Bottom Line: The risk for Hodgkin lymphoma appeared to be reduced in areas of rapidly growing population.The current study identified geographic factors supporting more focused studies of germ cell tumors and "other" gliomas in areas of intense cropping, hepatic cancer near Hazardous Air Pollutant (HAP) release facilities and specific locations with increased risks for CNS embryonal tumors and for "other" leukemias.Further study should be performed to evaluate potentially lower risk for Hodgkin lymphoma and malignant bone tumors in counties with rapidly growing population.

View Article: PubMed Central - HTML - PubMed

Affiliation: Department of Large Animal Clinical Science, Texas A&M University, College Station, Texas 77843-4475, USA. jthompson@cvm.tamu.edu

ABSTRACT

Background: Childhood cancer has been linked to a variety of environmental factors, including agricultural activities, industrial pollutants and population mixing, but etiologic studies have often been inconclusive or inconsistent when considering specific cancer types. More specific exposure assessments are needed. It would be helpful to optimize future studies to incorporate knowledge of high-risk locations or geographic risk patterns. The objective of this study was to evaluate potential geographic risk patterns in Texas accounting for the possibility that multiple cancers may have similar geographic risks patterns.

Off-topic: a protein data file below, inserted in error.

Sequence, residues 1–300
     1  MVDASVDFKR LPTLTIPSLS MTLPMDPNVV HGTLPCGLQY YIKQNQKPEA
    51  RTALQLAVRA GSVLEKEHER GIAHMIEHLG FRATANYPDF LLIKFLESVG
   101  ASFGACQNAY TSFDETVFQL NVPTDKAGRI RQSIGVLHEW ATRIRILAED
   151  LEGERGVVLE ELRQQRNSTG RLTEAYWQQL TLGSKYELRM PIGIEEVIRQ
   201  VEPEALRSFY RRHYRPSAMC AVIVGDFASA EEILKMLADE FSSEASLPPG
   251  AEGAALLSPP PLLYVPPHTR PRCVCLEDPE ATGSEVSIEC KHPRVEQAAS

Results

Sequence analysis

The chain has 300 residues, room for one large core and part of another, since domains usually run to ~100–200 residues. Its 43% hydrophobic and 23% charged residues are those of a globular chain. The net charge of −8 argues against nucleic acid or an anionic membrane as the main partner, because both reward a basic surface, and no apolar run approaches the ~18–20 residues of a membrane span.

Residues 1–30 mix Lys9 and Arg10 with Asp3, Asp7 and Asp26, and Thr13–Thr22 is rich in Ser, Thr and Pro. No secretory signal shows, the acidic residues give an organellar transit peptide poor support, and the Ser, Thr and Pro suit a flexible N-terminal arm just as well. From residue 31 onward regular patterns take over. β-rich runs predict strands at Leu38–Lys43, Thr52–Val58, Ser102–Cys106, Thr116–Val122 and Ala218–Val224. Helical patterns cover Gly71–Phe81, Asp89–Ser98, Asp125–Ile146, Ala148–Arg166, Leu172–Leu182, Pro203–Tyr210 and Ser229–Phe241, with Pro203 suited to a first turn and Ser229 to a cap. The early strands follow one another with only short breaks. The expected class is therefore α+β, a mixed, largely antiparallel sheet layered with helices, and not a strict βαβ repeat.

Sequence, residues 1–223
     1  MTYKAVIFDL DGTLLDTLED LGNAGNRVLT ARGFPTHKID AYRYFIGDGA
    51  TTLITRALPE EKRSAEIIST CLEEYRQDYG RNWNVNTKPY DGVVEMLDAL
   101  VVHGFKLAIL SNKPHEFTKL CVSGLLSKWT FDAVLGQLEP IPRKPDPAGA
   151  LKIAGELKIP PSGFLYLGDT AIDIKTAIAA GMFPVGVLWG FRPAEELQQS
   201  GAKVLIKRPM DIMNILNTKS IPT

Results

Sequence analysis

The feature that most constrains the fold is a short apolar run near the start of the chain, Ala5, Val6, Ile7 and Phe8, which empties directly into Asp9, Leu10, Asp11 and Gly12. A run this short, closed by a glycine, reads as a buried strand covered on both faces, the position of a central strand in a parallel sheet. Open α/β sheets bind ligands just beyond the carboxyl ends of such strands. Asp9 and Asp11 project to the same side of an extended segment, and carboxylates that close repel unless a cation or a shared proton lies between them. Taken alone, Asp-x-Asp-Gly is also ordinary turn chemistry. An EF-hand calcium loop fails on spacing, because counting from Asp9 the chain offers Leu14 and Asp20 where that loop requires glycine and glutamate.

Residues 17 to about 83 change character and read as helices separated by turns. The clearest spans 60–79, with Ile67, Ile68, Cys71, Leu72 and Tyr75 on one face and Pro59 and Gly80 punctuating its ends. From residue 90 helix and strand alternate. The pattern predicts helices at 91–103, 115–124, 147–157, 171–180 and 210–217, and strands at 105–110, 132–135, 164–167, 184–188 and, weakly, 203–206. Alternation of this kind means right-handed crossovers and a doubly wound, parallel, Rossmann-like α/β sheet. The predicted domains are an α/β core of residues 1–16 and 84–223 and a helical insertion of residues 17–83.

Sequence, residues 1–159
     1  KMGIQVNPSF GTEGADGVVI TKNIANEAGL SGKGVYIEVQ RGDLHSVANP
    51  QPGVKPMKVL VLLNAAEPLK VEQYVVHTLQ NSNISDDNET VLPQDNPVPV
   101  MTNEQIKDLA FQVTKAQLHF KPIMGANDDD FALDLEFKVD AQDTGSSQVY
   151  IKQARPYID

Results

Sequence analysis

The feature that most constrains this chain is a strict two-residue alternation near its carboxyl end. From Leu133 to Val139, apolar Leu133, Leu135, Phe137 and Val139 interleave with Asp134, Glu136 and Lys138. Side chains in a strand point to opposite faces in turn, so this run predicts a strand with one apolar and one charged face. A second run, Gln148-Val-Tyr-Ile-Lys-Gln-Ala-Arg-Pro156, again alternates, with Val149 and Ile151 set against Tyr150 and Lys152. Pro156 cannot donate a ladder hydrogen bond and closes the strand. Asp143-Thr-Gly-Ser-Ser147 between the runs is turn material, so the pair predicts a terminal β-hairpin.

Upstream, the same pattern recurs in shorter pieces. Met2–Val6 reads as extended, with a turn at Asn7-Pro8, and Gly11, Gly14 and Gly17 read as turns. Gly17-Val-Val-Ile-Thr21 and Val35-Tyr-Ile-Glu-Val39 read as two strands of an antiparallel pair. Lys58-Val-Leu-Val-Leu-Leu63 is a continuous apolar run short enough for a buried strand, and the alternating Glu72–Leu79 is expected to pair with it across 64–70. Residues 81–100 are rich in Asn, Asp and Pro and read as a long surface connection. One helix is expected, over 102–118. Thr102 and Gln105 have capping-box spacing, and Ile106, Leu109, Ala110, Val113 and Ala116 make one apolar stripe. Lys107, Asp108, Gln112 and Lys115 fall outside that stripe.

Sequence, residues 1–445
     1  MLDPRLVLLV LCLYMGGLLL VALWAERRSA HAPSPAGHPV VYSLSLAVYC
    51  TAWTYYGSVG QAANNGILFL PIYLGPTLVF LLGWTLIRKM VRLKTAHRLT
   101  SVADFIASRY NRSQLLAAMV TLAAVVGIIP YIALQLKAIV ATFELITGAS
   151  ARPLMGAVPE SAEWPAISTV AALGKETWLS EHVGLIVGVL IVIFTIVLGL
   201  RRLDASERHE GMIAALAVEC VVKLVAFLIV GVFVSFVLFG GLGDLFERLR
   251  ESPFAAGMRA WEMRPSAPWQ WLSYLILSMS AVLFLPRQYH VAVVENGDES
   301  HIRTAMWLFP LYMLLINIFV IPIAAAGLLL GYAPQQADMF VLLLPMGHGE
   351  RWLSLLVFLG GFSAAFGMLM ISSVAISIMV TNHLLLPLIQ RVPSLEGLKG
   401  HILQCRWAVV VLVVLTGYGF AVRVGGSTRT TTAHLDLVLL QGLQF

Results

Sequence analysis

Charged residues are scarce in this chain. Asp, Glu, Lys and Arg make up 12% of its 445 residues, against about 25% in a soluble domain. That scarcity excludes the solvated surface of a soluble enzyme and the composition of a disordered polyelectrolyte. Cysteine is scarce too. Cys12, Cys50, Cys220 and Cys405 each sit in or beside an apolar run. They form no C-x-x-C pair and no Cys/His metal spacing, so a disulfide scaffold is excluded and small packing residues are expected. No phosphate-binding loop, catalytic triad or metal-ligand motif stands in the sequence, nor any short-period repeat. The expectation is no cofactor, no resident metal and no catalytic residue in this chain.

Methods: A spatio-temporal risk modeling approach was used, whereby 19 childhood cancer types were modeled as potentially correlated within county-years. The standard morbidity ratios were modeled as functions of intensive crop production, intensive release of hazardous air pollutants, population density, and rapid population growth.